Undone Aero Scientific

I have long hoped some intrepid microbrand would produce an affordable Weems homage. Well, today is the day! The prolific team at Undone has just launched the Aero, and I was lucky enough for them to give me one of my own in exchange for this hands-on review. 

Undone Aero Scientific

Ages ago, when I was first getting into watches, I stumbled across a photo of something really cool. It was an old pilot's watch with a dual-crown setup, except the upper crown was actually a locking mechanism for the bezel. As you may have already guessed, that watch was a World War II seconds-setting navigation watch, invented by American Navy Airman Phillip van Horn Weems. The Weems watch was the first with a rotating bezel. Several watchmakers produced the design during the war. Most associate it with Longines, although several other manufacturers produced the design as well, like Movado, Omega, Zenith, and LeCoultre. The watch even played a central role on Tom Hardy's wrist in Dunkirk (2017) and was, arguably, the best thing about the movie (fight me). 

LeCoultre Weems Classicwatch.com
An original WW2-issue LeCoultre sold by ClassicWatch.com

The platform for Undone's project is its excellent Basecamp model. As I have mentioned before, the pleasing vintage-inspired proportions, sound Seiko NH35 automatic movement, 100m water resistance, and domed Lexan Polycarbonate crystal make this my favorite of all the Undones. Everything about it just feels right. 

Undone Aero Scientific wrist shot

The original Weems watches were anywhere from 27mm on up, but most were in the 33mm range. Of course, 33mm is a hard sell these days, so I am perfectly pleased with the 40mm Undone case. It is large enough to fit the modern tool watch fashion, but not grotesquely so. I find the 40x48x12mm dimensions (actually 15mm thick once you factor that sweet dome) to be just right on my 6.75" wrist. The generous bezel-to-dial ratio also makes it appear slightly smaller at a glance.

Undone Aero Scientific

Like the other Basecamp versions, this one wears a brushed top and polished sides with a neat bevel bisecting the two surfaces. It uses the same signed, octagonal, screw-down crown as the others, and this is perhaps the one thing I had hoped they might change. Not that there is anything wrong with it, mind you. Despite its odd shape, it operates quite easily. I just would have preferred a coin-edge on this one to better suit the overall throwback quality of the design. I know it's not a big deal, but I had to put it out there. 

Back to the original Weems for a moment. P.V.H Weems devised the rotating bezel to track seconds. At aircraft speeds, a miscalculation of several seconds could put the pilot hundreds of miles off course. With the Weems system, the pilot could synchronize his watch to a GMT radio signal, then lock the bezel in place. The 2 o'clock crown (sometimes 4 o'clock) that performed the locking function was always larger than the primary crown, and so it is here as well. As on the originals, the wide bezel is all steel, with an engraved and painted seconds index. The red "60" is a nice touch. Of course, the bezel functioned perfectly, moving smoothly in both directions and easily locking in place.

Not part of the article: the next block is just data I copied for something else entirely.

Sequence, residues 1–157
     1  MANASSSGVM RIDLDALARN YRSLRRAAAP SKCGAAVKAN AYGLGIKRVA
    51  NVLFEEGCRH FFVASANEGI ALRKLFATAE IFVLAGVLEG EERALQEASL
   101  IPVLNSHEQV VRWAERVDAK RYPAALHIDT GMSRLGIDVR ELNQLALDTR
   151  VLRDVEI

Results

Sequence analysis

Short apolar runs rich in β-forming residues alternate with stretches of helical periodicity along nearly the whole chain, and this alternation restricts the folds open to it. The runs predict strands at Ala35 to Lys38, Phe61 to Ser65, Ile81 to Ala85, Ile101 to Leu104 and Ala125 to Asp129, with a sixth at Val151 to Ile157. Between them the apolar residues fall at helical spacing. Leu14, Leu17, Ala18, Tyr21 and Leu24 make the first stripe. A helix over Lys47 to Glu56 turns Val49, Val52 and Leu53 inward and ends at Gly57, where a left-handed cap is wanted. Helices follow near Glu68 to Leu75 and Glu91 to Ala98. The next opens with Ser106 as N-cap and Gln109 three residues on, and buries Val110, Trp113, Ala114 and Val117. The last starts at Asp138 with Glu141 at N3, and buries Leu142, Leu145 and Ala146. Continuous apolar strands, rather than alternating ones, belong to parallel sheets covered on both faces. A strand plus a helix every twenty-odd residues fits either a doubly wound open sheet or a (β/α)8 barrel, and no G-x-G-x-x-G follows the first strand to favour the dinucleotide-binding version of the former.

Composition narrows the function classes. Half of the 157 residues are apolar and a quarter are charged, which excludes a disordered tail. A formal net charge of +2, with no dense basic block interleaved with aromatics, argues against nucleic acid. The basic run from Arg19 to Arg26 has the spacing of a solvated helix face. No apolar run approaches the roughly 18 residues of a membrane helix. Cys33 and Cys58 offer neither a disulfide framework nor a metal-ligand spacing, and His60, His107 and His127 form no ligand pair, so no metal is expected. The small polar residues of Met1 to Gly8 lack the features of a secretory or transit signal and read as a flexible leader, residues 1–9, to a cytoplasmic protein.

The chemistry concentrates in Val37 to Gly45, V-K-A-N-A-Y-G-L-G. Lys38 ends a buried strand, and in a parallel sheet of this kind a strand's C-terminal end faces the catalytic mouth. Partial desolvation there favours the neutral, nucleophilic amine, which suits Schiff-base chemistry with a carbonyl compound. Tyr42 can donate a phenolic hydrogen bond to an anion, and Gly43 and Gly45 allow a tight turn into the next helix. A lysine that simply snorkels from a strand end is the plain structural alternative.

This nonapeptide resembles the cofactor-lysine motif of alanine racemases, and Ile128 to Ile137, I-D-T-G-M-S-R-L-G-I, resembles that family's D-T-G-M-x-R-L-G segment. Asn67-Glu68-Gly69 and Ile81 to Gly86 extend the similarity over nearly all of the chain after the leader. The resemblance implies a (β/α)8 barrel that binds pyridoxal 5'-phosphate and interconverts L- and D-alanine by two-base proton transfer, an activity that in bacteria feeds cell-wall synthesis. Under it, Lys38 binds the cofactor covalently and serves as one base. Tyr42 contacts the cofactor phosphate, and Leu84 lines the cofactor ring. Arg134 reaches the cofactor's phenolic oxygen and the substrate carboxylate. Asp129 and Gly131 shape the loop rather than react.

Undone Aero Commando

Undone offers two versions of the Aero. The black dial Commando features blunt post hands and a more familiar pilot's watch layout with a navigation triangle, and a field watch style 24-hour index printed in red. The Scientific, which I received, has a cream dial, Arabic numerals for the primary hours, and blued syringe hands. Both incorporate elements of original Weems dials while adding a novel Undone twist. Of the two, I think the cream Scientific is more distinctive than the Commando's more common military layout. 

Undone Aero Commando

Working from the perimeter inward, you will notice a cream ring that gives way to silver inset seconds track before the main dial resumes with another index and lumed hour markers. Finally, you reach the primary markers in the most central section. These concentric indices enhance the illusion that the Aero Scientific is smaller than its 40mm diameter, without sacrificing its modern wrist presence. Nothing clutters the dial. The only text is "Self-Winding" and "24 Jewels" in the lower half. As always, the Undone brand name is discreetly tucked at the very bottom at 6 o'clock

Undone Aero Scientific lume

Both versions get a vintage lume treatment, although only on the hands and dial, not the bezel. The initial burst on my Scientific dial was pretty even, but the lume on the markers could not keep up with the hands.  

Undone Aero Scientific

As with every Undone watch, the buyer may choose from their catalog of straps as well as other personalization options. Mine arrived with an exhibition caseback and a 20mm Italian leather strap on quick-release pins that displayed a fantastic, and appropriately broken-in, pull-up effect when bent. 

Undone Aero Scientific

A properly sorted wartime original Weems can easily cost thousands of dollars and even the 1990s-era Longines reissue is no bargain (And it had a date window! Why? Why!). The Undone Aero goes on sale today for the very reasonable price of $365. This is spot-on for a watch of these specs and absolutely peanuts for anything that will even remotely scratch that Weems itch. 

I love my Undone Aero and heartily recommend it. For more info or to order one of your own, visit the Undone.com. ⬩

Undone Aero Scientific movement

Undone Aero Scientific


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